Review: In Farleigh Field by Rhys Bowen

In Farleigh Field

Rhys Bowen

March 1, 2017

In Farleigh Field by Rhys Bowen is inspired by the events and people of World War II, crafting a sweeping and riveting saga of class, family, love, and betrayal.

No war holds readers—and writers—more in thrall than the Second World War. Consider Philip K. Dick’s 1962 “alternative history novel” The Man in the High Castle. It imagines a world fifteen years after the victory of the Axis powers and forms the basis of a successful series on Amazon. Decades later, Philip K. Dick’s “what if” scenario is still intriguing.

Rhys Bowen’s In Farleigh Field invites readers to go back in time to just before and immediately after Great Britain went to war against Germany. Students of history know that England was not “one voice” in the years before Great Britain finally declared war against Germany. Who can forget Prime Minister Neville Chamberlain’s attempts to “achieve peace in our time.” But that approach was not successful, even though many English people pinned their hopes on Chamberlain’s attempts at diplomacy (characterized by some as appeasement).

In Farleigh Field opens in August 1939, with a quintessentially British activity: a community cricket game in the Kentish village of Emsleigh. Is that not the very definition of decades of village life? Nothing has changed, seemingly, yet everything has, as witnessed by the conversation between Ben Cresswell, the vicar’s son, and Colonel Huntley, “formerly of the British army”:

“I suppose war is inevitable?” Ben asked.

“Oh yes. Absolutely. No question about it. That blighter Hitler’s going to march into Poland, and we’re honour-bound to declare war. In the next couple of weeks, I’d say.

He spoke with the cheerfulness of a man who knows he is too old to be called up. “We had one of those civil-defence chappies round at the house last week. They wanted me to dig up the back lawn and put in an air-raid shelter. I told him it was quite out of the question. The back lawn is where the memsahib plays her croquet. We’re going to be rationed in everything else. You can’t expect her to give up her croquet, too!”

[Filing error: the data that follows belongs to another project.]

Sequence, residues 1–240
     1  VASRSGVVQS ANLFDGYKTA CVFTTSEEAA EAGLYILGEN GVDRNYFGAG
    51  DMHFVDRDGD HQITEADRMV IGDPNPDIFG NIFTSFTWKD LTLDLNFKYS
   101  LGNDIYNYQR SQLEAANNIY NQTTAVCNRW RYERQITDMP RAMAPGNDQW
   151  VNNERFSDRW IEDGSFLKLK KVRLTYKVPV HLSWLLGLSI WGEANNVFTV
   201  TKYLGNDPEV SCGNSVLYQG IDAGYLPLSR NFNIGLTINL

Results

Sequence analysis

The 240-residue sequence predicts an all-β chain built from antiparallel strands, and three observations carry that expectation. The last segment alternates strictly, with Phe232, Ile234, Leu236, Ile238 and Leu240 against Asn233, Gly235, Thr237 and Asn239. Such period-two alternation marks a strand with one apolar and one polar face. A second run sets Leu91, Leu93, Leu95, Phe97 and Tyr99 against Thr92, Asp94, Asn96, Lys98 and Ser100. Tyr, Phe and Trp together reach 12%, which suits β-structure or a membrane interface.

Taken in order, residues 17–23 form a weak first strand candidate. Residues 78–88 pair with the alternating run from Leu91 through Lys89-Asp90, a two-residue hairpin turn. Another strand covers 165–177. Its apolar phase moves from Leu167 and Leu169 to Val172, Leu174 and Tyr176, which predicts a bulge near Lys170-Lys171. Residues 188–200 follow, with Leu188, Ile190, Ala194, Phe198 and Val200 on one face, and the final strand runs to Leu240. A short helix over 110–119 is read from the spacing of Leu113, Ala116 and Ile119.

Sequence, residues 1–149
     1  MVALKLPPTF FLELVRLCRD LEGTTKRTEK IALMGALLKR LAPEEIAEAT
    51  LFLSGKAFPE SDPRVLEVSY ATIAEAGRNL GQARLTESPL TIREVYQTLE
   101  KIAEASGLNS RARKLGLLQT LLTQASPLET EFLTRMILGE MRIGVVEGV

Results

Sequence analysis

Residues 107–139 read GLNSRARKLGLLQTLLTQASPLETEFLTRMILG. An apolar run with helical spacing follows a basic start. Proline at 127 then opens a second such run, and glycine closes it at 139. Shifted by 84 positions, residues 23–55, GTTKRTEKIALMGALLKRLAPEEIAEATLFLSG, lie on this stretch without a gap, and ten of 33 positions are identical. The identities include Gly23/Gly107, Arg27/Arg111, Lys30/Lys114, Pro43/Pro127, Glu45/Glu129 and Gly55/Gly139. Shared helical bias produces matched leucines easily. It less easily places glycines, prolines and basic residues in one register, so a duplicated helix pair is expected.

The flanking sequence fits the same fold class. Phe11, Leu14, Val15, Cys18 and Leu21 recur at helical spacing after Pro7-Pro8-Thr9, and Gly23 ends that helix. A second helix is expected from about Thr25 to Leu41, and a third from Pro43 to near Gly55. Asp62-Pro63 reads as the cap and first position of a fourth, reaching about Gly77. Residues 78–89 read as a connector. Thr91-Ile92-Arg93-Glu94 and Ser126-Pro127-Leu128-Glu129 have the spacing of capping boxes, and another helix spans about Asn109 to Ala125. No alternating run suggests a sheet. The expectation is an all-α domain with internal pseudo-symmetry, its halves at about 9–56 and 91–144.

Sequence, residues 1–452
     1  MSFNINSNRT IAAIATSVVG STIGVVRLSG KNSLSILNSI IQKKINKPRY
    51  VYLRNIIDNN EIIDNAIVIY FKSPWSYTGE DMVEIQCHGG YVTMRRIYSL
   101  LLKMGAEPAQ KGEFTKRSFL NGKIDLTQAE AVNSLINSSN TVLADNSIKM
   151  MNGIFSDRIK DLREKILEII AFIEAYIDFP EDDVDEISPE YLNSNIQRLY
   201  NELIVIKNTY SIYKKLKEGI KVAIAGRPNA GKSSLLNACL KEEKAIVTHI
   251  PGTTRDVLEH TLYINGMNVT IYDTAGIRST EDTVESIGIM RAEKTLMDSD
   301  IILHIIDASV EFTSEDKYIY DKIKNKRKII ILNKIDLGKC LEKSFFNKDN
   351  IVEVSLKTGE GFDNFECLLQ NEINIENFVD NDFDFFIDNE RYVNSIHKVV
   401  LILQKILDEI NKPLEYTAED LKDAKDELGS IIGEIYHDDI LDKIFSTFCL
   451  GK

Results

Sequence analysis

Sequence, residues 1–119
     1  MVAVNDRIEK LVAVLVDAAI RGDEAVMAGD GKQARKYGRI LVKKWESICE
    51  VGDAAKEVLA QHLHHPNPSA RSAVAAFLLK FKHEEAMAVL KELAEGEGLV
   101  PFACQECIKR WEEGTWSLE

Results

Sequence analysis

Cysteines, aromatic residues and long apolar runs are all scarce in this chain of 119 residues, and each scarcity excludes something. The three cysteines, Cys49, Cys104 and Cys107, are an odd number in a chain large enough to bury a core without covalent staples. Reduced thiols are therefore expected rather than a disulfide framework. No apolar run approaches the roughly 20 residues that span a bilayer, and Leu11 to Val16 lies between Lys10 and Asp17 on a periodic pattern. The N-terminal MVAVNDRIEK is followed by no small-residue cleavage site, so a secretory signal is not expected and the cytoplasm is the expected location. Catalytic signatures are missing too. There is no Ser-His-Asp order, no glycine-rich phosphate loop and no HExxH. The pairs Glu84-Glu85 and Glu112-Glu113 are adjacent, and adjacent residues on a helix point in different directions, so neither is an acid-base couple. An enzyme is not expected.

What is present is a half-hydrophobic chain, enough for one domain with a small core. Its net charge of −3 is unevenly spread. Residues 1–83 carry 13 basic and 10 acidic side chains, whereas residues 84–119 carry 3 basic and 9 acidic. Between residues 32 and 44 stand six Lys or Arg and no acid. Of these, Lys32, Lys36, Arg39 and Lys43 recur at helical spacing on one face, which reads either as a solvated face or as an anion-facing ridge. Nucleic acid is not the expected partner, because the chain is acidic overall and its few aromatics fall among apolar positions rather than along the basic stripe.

Enter stage left Lady Pamela, the third of the five daughters of “the Earl of Westerham, owner of Farleigh Place, a stately home in Kent.” Ben has always had a soft spot—perhaps more—for the elegant Pamela, even though “Pamma” yearns for their mutual neighbor Jeremy Prescott, son of a city financier and “RAF flying ace.” The halcyon day ends in comical tragedy: Jeremy takes Ben up in a plane that crashes. And, of course, Colonel Huntley was correct on every point.

Germany invaded Poland on September 1, 1939. Since Great Britain had pledged military support to Poland if it were attacked by the Germans, it subsequently declared war against Germany on September 3, 1939, hence beginning World War II.

Who can resist sharing what Prime Minister Winston Churchill said on October 1st, 1939, when asked whether Russia would enter the ranks on the side of the Allies? “I cannot forecast to you the action of Russia. It is a riddle wrapped in a mystery inside an enigma.”

The cricket game is a prologue to the heart of In Farleigh Field. Part 2 opens on May 1941, at Bletchley Park, Churchill’s “Secret Intelligence and Computers Headquarters.” Pamma works there; Ben, in the all-too-common words of men working on secret projects, works “for a government department”; and Jeremy is a flying ace. Their lives intertwine and intersect in a thrilling fashion because Ben’s task is to follow “a trail of spies and traitors, which may include another member of Pamela’s family.”

I’ll leave you with an historical note from author Rhys Bowen: “This is a work of fiction but is closely rooted in the truth.” In Farleigh Field is an exciting page-turner, but it’s more than that—it is an excellent novel for anyone who concurs with philosopher George Santayana’s words, “Those who cannot remember the past are condemned to repeat it.”

See alsoReview: On Her Majesty’s Frightfully Secret Service by Rhys Bowen


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    “Where we’re going with our democracy, it’s going to be interesting to see. But we’ve got to honour what the Queen did,” she said.

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